Expression of collier in the premandibular segment of myriapods: support for the traditional Atelocerata concept or a case of convergence?
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BMC Evolutionary Biology 2011, 11:50 doi:10.1186/1471-2148-11-50Published: 24 February 2011
A recent study on expression and function of the ortholog of the Drosophila collier (col) gene in various arthropods including insects, crustaceans and chelicerates suggested a de novo function of col in the development of the appendage-less intercalary segment of insects. However, this assumption was made on the background of the now widely-accepted Pancrustacea hypothesis that hexapods represent an in-group of the crustaceans. It was therefore assumed that the expression of col in myriapods would reflect the ancestral state like in crustaceans and chelicerates, i.e. absence from the premandibular/intercalary segment and hence no function in its formation.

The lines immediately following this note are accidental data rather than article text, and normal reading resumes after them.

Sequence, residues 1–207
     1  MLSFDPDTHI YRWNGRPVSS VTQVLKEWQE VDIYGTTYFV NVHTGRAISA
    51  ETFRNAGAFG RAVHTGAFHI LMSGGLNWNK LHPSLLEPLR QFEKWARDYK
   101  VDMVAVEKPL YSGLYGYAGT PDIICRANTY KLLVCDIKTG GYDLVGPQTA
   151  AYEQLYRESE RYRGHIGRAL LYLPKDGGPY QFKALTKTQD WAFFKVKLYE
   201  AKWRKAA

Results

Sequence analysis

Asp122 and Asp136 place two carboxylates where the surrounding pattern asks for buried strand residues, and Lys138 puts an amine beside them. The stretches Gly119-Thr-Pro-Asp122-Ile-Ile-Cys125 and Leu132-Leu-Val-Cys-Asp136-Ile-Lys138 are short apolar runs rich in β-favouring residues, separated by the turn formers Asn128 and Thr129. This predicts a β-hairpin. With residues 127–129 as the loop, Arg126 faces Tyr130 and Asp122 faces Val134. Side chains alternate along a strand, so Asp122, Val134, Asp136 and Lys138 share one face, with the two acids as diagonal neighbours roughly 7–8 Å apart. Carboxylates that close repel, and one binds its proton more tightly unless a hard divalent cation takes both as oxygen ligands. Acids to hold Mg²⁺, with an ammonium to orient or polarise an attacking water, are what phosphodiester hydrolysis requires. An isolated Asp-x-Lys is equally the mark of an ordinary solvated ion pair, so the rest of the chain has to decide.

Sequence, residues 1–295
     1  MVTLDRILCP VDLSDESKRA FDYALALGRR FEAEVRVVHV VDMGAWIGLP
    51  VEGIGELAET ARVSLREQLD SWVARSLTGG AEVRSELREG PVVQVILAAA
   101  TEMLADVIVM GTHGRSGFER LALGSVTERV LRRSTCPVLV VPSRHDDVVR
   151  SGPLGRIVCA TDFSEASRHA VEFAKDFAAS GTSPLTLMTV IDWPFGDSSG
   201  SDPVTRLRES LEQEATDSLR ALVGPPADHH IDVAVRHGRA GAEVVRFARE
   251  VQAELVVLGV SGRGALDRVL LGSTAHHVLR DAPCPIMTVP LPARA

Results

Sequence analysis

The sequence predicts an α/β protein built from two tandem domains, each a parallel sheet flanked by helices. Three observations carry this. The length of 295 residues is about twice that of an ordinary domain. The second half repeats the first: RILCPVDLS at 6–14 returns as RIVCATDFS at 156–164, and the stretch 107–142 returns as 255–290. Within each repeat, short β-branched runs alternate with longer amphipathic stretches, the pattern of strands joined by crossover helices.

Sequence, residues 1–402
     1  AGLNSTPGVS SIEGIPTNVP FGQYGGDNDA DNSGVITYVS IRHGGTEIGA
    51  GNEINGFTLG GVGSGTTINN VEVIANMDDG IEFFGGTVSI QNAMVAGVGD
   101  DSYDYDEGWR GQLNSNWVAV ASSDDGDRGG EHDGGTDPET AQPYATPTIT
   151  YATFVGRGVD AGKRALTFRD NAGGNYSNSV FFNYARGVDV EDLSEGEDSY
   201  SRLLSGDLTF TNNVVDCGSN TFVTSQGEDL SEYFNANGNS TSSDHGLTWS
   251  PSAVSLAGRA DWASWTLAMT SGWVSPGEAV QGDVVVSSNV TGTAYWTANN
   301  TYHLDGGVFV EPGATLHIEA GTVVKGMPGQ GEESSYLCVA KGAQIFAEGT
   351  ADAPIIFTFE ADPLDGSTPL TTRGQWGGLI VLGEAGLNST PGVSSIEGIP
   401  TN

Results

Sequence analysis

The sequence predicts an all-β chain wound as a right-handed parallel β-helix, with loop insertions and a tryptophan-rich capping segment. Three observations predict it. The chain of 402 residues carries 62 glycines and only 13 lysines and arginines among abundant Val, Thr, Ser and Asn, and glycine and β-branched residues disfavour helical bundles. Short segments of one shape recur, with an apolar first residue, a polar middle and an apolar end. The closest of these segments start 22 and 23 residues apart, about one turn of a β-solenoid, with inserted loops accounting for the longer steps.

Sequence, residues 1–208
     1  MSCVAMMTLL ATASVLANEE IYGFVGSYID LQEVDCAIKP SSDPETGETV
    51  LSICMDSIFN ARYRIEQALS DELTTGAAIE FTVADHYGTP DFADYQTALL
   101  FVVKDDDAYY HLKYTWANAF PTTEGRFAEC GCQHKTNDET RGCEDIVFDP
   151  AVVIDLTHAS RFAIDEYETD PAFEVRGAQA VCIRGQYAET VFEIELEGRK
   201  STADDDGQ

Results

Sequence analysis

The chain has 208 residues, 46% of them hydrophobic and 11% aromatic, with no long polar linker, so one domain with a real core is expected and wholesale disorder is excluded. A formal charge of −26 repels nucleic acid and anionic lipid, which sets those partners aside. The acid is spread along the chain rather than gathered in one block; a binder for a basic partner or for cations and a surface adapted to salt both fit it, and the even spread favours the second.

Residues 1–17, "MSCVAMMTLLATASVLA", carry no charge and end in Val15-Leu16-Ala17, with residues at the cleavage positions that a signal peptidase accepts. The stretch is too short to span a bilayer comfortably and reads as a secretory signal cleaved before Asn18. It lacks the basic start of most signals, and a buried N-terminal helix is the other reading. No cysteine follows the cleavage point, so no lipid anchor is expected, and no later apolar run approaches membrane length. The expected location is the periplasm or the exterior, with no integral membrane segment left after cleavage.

We find that col in myriapods is expressed at early developmental stages in the same anterior domain in the head, the parasegment 0, as in insects. Comparable early expression of col is not present in the anterior head of an onychophoran that serves as an out-group species closely related to the arthropods.
Our findings suggest either that i) the function of col in head development has been conserved between insects and myriapods, and that these two classes of arthropods may be closely related supporting the traditional Atelocerata (or Tracheata) hypothesis; or ii) alternatively col function could have been lost in early head development in crustaceans, or may indeed have evolved convergently in insects and myriapods.